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This book develops a new paradigm in the field of leadership studies, referred to as the "leadership-as-practice" (L-A-P) movement. Its essence is its conception of leadership as occurring as a practice rather than residing in the traits or behaviours of particular individuals. A practice is a coordinative effort among participants who choose through their own rules to achieve a distinctive outcome. It also tends to encompass routines as well as problem-solving or coping skills, often tacit, that are shared by a community. Accordingly, leadership-as-practice is less about what one person thinks or does and more about what people may accomplish together. It is thus concerned with how leadership emerges and unfolds through day-to-day experience. The social and material contingencies impacting the leadership constellation the people who are effecting leadership at any given time do not reside outside of leadership but are very much embedded within it. To find leadership, then, we must look to the practice within which it is occurring.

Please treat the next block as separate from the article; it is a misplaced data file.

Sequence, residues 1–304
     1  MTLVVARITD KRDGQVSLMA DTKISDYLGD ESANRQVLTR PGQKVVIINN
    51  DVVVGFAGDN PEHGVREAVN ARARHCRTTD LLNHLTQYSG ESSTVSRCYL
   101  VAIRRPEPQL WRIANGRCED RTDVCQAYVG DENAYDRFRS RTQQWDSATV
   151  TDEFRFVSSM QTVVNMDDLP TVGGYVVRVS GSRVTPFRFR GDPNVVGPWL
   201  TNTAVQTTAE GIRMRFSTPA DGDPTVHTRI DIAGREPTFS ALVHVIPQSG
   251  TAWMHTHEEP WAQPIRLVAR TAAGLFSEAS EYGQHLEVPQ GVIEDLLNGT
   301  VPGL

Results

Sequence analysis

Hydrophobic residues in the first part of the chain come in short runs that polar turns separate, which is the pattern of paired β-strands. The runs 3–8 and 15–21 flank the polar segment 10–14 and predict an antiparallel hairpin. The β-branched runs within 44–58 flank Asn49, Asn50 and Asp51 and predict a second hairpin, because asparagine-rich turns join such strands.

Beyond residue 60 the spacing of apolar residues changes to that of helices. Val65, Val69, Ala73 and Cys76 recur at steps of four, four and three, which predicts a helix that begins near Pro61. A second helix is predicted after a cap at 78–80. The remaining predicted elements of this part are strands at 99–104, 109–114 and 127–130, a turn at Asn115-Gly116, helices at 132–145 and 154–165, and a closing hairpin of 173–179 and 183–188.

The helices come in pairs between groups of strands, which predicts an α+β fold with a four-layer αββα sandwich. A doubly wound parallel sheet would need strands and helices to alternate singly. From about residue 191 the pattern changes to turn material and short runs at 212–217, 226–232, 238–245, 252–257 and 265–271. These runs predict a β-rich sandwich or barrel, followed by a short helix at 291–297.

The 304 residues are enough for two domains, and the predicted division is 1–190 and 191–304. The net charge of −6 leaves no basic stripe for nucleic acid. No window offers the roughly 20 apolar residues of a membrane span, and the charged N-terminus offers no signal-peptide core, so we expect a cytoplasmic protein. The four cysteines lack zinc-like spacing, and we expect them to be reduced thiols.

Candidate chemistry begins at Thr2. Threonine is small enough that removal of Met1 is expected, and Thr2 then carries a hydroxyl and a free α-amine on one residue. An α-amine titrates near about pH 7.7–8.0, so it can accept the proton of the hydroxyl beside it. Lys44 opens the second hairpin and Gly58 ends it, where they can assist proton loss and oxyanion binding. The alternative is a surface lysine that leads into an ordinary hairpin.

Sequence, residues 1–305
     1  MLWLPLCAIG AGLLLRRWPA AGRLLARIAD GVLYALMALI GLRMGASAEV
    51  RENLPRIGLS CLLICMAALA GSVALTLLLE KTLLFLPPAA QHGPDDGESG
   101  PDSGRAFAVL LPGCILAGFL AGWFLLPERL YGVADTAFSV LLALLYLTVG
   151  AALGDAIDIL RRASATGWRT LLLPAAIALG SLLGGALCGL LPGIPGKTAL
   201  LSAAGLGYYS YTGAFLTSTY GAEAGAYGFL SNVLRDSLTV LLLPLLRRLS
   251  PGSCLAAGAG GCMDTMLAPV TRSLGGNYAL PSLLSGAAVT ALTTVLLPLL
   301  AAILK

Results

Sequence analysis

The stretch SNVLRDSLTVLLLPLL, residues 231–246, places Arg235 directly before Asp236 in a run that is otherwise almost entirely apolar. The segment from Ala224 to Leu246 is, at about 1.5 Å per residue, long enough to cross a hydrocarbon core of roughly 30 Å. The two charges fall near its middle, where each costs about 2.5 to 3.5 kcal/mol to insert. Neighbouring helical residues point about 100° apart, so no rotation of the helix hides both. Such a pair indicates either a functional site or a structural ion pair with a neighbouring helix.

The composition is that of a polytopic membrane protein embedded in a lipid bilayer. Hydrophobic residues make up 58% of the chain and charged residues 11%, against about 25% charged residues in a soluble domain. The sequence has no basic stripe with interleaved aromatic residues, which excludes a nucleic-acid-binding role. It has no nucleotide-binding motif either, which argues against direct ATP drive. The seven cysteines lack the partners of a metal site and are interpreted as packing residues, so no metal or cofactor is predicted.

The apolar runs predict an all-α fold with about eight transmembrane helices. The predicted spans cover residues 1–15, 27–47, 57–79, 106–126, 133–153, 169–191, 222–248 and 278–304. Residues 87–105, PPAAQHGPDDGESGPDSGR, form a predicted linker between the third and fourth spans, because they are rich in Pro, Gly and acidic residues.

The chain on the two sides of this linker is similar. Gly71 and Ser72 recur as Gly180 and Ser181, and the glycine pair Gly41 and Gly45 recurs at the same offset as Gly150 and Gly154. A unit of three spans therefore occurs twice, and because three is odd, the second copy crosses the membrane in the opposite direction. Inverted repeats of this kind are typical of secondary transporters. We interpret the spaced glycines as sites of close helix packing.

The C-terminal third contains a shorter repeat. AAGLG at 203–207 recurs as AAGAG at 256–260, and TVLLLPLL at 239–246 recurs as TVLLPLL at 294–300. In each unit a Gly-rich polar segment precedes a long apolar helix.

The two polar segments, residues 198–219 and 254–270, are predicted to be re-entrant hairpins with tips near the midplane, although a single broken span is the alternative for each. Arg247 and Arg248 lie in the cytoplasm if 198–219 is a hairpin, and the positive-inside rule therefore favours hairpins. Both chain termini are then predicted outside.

The leadership-as-practice approach resonates with a number of closely related traditions, such as collective, shared, distributed, and relational leadership, that converge on leadership processes. These approaches share a line of inquiry that acknowledges leadership as a social phenomenon. The new focus opens up a plethora of research opportunities encouraging the study of social processes beyond influence, such as intersubjective agency, shared sense-making, dialogue, and co-construction of responsibilities.